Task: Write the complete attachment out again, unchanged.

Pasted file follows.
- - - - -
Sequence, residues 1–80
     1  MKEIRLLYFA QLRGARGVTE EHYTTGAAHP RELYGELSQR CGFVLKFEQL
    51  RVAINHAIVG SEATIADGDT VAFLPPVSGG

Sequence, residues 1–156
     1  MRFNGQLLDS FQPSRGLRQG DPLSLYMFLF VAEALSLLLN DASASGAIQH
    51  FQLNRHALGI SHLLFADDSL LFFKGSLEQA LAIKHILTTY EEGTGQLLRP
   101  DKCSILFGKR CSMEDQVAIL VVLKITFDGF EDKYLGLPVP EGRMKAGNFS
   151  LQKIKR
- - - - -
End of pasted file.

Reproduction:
Sequence, residues 1–80
     1  MKEIRLLYFA QLRGARGVTE EHYTTGAAHP RELYGELSQR CGFVLKFEQL
    51  RVAINHAIVG SEATIADGDT VAFLPPVSGG

Sequence, residues 1–156
     1  MRFNGQLLDS FQPSRGLRQG DPLSLYMFLF VAEALSLLLN DASASGAIQH
    51  FQLNRHALGI SHLLFADDSL LFFKGSLEQA LAIKHILTTY EEGTGQLLRP
   101  DKCSILFGKR CSMEDQVAIL VVLKITFDGF EDKYLGLPVP EGRMKAGNFS
   151  LQKIKR